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There are a number of challenges in each of these potential applications of HDAC inhibitors. First, humans have about 18 of the Histone DeACetylase (HDAC) enzymes the HDAC inhibitors are intended to inhibit. Each of these HDAC enzymes do different things to different genes. The first important step in this direction for FA scientists was determining that HDAC enzymes were responsible for "silencing" the FA gene -- the "silencing" that resulted in the FA gene producing far less of the frataxin protein. The second step was determining which of the 18 HDAC enzymes or which combination of those enzymes was the culprit in FA. Dr. Gottesfeld appears to have taken that second step, thus setting the target for the third step, which is the toughest by far - determining the structure of the HDAC inhibitor that is most effective in inhibiting the culprit HDAC. Furthermore, the HDAC inhibitor we design and select must be effective in inhibiting the culprit HDAC enzyme from "silencing" the FA gene while not causing any damage to any other genes elsewhere.
This design, test and select process is very complicated. Dr. Gottesfeld initiated this process by testing in FA cells all the HDAC inhibitors "on the shelf." He found that many of the inhibitors had no effect on the FA gene's expression of frataxin protein, while others actually reduced the amount of protein produced. With one HDAC inhibitor, though, he saw a slight increase in frataxin protein expressed by the FA gene. He looked closely at the structure of that HDAC inhibitor and began the "design" phase, modifying the structure in various ways and looking for maximum inhibition of the target HDAC enzyme and maximum increases in frataxin protein production. When Repligen licensed the "discovery" from The Scripps Research Institute, the company accelerated this "design" process and, along with Dr. Gottesfeld, has now designed a "library" of different structures (about 150 of them or so) they have tested in FA cells for maximum positive effect on the FA gene and minimum negative effect elsewhere. The inhibitors that showed most promise in the FA cells have been tested in the FA mice and the "winner" has become RG-2833, the lead candidate that has been submitted to the FDA and discussed with the EMEA (European Medicine Agency - the FDA equivalent in Europe).
While Repligen is advancing RG-2833 as the lead candidate in FA, like any good drug company, they are working hard on a follow-on candidate in hopes of developing a compound that might be even better. FARA, MDA, GoFAR and Ataxia UK (hope I'm not leaving anybody out) all helped support the Scripps and Repligen development of the lead candidate. FARA and GoFAR have provided a half-million dollars recently to help develop the follow-on candidate, and Scripps-Repligen have applied to the NIH for additional funding of that effort.
So, although there are a number of HDAC inhibitors that have been used in a few other conditions and a good number of HDAC inhibitors in clinical trials already (mostly cancer), the HDAC inhibitors being designed, tested and selected specifically for FA are new structures, new compounds, New Chemical Entities, unique to FA and subject to FDA and EMEA's consideration as such. While this process is taking time, we can see why it is so important. As Dr. Gottesfeld's early experiments showed, most of the HDAC inhibitors that were on the shelf when he started would have either harmed our FA patients or, at best, would have provided no benefit. The glimmer of hope provided by one of those inhibitors, after an intensive design, test and select process, is now becoming a bright beacon of hope for all of us.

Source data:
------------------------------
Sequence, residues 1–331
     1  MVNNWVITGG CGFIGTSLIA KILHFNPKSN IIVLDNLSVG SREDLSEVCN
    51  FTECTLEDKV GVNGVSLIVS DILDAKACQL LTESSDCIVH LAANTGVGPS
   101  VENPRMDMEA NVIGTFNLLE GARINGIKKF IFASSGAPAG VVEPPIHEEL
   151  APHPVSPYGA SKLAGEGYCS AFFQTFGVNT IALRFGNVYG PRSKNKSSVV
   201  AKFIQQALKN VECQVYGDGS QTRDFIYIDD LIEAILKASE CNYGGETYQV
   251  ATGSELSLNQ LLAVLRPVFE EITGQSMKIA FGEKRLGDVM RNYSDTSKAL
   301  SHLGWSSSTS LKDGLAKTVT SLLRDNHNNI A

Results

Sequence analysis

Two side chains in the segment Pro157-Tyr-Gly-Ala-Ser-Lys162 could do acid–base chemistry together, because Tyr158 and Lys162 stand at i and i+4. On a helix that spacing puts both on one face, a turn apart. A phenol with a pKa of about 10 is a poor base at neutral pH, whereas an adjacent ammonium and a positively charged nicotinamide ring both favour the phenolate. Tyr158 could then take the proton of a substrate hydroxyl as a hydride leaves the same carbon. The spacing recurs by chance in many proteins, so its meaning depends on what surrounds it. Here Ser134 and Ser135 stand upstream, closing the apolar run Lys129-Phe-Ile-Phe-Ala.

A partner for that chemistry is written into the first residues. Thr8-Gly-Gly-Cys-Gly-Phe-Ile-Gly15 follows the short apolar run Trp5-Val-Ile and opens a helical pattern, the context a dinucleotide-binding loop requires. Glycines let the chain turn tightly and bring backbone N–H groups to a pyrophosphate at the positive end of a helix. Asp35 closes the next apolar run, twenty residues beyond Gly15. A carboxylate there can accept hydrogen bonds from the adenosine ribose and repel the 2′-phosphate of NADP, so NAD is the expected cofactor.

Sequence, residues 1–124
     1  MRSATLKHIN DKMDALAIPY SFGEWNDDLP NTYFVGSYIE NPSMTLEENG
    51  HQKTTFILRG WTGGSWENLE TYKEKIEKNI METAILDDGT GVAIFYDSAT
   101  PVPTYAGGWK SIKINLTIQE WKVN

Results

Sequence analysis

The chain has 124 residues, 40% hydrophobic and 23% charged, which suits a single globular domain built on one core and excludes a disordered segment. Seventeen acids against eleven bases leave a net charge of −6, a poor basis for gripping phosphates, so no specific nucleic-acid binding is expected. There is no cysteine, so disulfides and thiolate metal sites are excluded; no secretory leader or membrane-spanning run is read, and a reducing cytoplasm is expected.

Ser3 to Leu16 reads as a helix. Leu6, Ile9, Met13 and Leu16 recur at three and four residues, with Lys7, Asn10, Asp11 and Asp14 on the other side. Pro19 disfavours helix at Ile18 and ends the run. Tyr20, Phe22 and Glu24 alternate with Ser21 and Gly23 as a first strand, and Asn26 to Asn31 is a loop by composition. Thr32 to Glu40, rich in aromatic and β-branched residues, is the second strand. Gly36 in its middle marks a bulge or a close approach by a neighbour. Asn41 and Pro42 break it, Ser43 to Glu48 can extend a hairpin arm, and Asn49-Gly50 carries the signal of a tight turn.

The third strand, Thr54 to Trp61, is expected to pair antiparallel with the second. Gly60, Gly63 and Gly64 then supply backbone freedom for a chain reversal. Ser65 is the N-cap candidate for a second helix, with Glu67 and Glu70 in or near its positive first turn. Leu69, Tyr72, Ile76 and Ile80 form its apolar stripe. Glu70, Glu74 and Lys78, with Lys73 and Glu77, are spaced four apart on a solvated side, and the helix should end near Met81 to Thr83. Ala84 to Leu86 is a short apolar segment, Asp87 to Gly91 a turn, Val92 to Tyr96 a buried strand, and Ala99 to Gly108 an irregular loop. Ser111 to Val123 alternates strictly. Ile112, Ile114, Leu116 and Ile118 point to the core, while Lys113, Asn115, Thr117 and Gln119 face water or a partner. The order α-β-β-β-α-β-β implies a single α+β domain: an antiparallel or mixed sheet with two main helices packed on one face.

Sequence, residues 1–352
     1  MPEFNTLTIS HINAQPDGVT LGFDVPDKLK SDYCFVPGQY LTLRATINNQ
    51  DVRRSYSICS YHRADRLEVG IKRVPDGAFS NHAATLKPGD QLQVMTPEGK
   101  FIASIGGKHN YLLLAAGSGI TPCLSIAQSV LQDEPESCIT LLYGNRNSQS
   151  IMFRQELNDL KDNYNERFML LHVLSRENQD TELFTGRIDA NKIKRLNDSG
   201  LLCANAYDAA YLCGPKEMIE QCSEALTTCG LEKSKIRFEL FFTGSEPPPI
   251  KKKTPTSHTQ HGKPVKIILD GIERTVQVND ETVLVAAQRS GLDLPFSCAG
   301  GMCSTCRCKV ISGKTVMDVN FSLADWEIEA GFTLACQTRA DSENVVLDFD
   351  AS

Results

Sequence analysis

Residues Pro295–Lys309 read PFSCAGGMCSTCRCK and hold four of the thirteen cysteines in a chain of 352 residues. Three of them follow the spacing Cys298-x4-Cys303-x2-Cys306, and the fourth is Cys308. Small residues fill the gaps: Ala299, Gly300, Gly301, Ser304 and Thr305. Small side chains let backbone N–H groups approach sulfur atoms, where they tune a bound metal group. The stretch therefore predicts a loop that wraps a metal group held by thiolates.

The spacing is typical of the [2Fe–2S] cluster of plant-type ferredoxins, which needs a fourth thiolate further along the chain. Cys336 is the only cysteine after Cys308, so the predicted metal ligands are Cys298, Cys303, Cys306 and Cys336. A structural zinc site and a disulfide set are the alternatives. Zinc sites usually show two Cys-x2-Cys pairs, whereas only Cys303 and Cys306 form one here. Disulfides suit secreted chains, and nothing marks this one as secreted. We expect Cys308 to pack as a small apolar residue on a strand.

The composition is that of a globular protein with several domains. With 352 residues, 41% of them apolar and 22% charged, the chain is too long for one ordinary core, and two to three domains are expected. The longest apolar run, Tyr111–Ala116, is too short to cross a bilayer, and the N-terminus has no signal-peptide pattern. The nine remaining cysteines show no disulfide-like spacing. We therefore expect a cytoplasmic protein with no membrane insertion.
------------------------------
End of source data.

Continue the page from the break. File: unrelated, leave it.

Again, Repligen's plan is to conclude the FDA-required animal studies and submit the additional data to the Agency so as to have a decision by early in 2011 as to how and where to commence the clinical trials of the FA HDAC inhibitors as soon as possible during the year.
Hope that helps,
Ronald J. Bartek
Friedreich's Ataxia Research Alliance (FARA)
P. O. Box 1537
Springfield, VA 22151
Tel (703) 426-1576
FARA website: http://www.CureFA.org
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Currently, BabelFAmily is financing two promising research projects aimed at finding a cure for Friedreich's Ataxia. Whenever you make a donation to us or purchase a copy of "The legacy of Marie Schlau", this is where all funds raised will be devoted to:
1) Gene Therapy for Friedreich's Ataxia research project:
The project is the result of an initiative of Spanish people affected by this rare disease who are grouped in GENEFA in collaboration with the Spanish Federation of Ataxias and the BabelFAmily. The Friedreich’s Ataxia Research Alliance (FARA), one of the main patients’ associations in the United States now joins the endeavour.
2) Frataxin delivery research project:
The associations of patients and families Babel Family and the Asociación Granadina de la Ataxia de Friedreich (ASOGAF) channel 80,000 euros of their donations (50% from each organisation) into a new 18-month project at the Institute for Research in Biomedicine (IRB Barcelona). The project specifically aims to complete a step necessary in order to move towards a future frataxin replacement therapy for the brain, where the reduction of this protein causes the most damage in patients with Friedreich’s Ataxia.
The study is headed by Ernest Giralt, head of the Peptides and Proteins Lab, who has many years of experience and is a recognised expert in peptide chemistry and new systems of through which to delivery drugs to the brain, such as peptide shuttles—molecules that have the capacity to carry the drug across the barrier that surrounds and protects the brain. Since the lab started its relation with these patients’ associations in 2013*, it has been developing another two projects into Friedrich’s Ataxia.